So, let me follow one train of thought–that of taking some sort of action to reduce stress. At present the faculty in my Division of Education is reading a book about mindfulness. The chapter we discussed today is on positivity and actions we can take to “talk ourselves off the ledge” instead of spiraling down into negativity. The story of Lubna is a great example of a little girl taking some sort of action to change her circumstances to the degree she could. At the risk of sounding like a Pollyanna, a small girl took a small action and cared for a small pebble–all with a big impact on both her emotions and those of fellow refugee Amir.
What was the part of the story that sat in your soul for days afterward?
DEANNA: The illustrations. Daniel Egnéus’ artwork is breathtaking–one can’t help but see how special pebble is to these two children. Both Amir’s and Lubna’s eyes, facial expressions and careful touch, display so much.
Another title that we received for OIB was Idriss and his Marble by René Gouichoux with illustrations by Zaü (StarBerry Books, 2019). Just like Lubna, Idriss has one marble to keep him company as his mother and he flee danger and travel to safety. Idriss’ small marble helps him dream and imagine a better life. It is interesting the both of these picturebooks depict how a small object can bring such happiness to young children. Furthermore, both objects help the children take action like you mention Susan and even help them make friends. Pairing both of these titles together could be really interesting.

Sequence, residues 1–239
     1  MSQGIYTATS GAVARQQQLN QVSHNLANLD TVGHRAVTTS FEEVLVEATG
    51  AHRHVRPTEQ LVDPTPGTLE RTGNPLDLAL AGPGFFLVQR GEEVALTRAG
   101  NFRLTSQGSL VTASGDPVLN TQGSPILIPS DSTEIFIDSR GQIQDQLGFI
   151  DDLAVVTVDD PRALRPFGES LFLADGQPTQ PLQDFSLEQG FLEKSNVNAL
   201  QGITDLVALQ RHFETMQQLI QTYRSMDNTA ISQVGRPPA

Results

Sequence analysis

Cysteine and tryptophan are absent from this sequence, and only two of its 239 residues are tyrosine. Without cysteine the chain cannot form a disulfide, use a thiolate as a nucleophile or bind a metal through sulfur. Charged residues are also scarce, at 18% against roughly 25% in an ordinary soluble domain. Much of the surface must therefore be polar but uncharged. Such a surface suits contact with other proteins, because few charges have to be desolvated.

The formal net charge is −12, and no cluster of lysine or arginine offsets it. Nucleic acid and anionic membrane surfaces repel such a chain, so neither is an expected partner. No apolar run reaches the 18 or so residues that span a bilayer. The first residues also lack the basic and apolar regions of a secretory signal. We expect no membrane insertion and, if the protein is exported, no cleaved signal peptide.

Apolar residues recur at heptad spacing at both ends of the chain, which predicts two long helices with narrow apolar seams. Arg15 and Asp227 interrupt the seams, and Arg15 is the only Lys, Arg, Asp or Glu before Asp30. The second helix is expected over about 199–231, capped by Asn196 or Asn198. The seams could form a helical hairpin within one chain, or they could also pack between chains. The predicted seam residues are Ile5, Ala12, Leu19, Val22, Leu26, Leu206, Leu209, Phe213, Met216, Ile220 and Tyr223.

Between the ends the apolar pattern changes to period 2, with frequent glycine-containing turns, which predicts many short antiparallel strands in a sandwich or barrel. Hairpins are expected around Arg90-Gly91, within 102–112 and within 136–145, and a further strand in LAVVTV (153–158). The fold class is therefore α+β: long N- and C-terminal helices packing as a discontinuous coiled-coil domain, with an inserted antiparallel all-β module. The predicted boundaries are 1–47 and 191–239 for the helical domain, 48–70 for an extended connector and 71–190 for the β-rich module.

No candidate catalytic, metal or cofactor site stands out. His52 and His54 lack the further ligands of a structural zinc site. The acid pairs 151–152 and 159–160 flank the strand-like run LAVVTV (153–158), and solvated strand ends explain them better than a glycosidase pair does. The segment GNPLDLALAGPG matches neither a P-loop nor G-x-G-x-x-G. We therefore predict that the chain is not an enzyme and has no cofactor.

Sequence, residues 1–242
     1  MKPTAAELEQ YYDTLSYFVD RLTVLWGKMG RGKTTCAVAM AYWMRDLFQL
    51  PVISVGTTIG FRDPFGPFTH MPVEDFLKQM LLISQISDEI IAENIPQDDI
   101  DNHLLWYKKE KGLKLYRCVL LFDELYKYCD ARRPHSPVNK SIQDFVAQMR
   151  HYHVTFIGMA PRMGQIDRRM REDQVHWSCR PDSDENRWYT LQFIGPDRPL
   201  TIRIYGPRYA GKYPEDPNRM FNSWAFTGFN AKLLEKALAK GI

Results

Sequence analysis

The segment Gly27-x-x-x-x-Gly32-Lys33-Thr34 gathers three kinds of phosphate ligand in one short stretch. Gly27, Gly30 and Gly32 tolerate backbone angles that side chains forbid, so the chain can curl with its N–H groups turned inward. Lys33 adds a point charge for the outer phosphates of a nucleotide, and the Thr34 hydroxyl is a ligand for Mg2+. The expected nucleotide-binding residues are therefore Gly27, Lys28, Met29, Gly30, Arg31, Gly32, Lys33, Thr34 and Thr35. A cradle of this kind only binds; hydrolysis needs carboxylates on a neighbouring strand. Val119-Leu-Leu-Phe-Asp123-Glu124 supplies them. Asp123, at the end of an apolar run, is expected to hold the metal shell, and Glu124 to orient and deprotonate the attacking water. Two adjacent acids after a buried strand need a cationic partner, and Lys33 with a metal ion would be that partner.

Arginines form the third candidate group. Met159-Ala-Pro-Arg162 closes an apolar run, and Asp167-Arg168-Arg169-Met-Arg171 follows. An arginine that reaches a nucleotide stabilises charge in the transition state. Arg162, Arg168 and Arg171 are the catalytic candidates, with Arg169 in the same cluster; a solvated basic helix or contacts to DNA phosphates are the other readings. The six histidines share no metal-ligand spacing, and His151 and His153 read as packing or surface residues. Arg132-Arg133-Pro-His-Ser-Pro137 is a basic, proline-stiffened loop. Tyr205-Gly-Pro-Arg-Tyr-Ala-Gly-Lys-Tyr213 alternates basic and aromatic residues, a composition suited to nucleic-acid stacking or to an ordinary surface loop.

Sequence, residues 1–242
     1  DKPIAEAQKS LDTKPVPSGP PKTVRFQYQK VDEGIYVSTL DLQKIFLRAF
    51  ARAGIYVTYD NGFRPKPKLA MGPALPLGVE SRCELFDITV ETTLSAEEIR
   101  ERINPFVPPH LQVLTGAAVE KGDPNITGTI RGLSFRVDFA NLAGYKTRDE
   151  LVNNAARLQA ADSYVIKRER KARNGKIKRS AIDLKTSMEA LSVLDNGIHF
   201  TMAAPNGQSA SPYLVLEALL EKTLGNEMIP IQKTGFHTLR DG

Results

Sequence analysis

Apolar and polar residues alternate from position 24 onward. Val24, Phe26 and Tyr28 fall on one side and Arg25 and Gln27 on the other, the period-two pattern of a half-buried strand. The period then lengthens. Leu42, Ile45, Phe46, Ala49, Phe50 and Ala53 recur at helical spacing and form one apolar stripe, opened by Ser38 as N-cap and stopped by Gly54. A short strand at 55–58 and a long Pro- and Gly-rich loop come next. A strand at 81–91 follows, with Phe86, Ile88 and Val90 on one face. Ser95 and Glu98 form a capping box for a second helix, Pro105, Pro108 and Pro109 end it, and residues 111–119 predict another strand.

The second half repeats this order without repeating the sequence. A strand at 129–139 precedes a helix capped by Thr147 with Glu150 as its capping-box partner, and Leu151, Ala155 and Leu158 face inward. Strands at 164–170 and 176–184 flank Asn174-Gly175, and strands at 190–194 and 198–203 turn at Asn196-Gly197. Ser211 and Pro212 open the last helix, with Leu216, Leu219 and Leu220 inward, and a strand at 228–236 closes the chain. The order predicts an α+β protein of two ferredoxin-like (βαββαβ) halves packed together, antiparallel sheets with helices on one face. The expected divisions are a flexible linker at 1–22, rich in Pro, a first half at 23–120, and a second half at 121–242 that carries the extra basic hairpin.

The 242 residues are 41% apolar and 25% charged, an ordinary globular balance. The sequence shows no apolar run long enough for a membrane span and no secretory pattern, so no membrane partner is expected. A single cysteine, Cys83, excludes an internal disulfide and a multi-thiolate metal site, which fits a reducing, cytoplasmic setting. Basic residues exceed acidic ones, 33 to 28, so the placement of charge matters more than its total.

SUSAN: I agree! They both address the role of comfort objects in the middle of stressful times, particularly that of being a refugee. And both have stunning illustrations that use double-page spreads to communicate strong emotions.
I have pored over the pictures again in Lubna and the Pebble after reading your comment. I am not trained in art, so what I know has come from working hard to understand the art of illustration. I am trying to describe what I see and how that makes me feel as a reader because the art points us toward that theme of safety and care.
The zooming in and double-page spreads lets the reader focus on details like the emotion in the eyes. You mention Lubna’s big eyes at the beginning of the story and how they are echoed in Amir’s big eyes at the end of the story. The reader is positioned as the pebble, and our eyes are locked in a relationship with Lubna and Amir. What I notice too is the primitive quality of the art, which helps us focus on the emotional aspect of the story. We are not distracted with details. We clearly notice Lubna’s father’s large arms that shelter. We see Lubna sheltering Pebble. And the cool palette of blues calms us down and makes us feel settled.
The words help too–ones like best friend, clutched, gripped, safe, happy face, always, come close. Overall this book makes me feel safe in the middle of intense drama.
Title: Lubna and Pebble
Author: Wendy Meddour
Illustrator: Daniel Egnéus
Publisher: Dial Books for Young Readers (Penguin)
PubDate: March 5, 2019
Throughout February 2020, Susan and Deanna give their take on books focused on narratives that cross borders. Check back each Wednesday to follow the conversation!